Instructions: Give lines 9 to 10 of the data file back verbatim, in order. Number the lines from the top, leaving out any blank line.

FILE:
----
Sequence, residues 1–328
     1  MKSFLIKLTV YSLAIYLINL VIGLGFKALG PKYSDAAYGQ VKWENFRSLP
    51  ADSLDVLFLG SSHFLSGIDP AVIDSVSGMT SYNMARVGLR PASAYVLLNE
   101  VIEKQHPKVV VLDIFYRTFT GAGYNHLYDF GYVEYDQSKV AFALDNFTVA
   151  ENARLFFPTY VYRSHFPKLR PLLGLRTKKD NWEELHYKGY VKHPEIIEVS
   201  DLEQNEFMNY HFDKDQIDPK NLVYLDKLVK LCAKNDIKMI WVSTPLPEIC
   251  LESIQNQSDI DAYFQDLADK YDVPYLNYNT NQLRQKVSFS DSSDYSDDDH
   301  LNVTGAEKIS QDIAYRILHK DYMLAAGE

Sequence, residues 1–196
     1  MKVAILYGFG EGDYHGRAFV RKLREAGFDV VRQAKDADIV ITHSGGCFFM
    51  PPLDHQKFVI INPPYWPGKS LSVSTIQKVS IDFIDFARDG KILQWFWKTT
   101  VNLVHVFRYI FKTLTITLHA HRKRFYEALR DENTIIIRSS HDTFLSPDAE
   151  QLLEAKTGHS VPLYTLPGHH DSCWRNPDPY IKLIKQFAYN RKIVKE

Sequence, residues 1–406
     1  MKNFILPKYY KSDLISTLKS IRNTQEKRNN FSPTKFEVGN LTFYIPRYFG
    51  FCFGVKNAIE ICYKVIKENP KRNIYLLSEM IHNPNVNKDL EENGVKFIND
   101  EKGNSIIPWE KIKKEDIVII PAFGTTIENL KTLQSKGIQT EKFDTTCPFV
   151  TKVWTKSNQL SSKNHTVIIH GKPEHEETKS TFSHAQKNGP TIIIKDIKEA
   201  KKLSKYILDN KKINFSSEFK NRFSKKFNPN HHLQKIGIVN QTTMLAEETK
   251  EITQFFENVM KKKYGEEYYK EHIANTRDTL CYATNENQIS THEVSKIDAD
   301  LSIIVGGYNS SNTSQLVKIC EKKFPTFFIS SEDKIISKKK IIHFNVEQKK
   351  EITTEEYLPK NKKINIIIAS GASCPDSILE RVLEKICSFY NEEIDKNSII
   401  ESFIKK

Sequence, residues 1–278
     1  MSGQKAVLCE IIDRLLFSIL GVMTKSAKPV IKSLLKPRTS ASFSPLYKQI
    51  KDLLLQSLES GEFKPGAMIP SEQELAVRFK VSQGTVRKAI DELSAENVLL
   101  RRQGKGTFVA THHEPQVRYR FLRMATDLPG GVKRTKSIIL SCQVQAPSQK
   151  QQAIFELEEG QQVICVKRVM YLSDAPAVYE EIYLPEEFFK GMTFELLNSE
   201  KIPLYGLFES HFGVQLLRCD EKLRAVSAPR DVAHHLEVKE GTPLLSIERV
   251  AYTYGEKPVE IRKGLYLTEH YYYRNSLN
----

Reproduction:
Sequence, residues 1–196
     1  MKVAILYGFG EGDYHGRAFV RKLREAGFDV VRQAKDADIV ITHSGGCFFM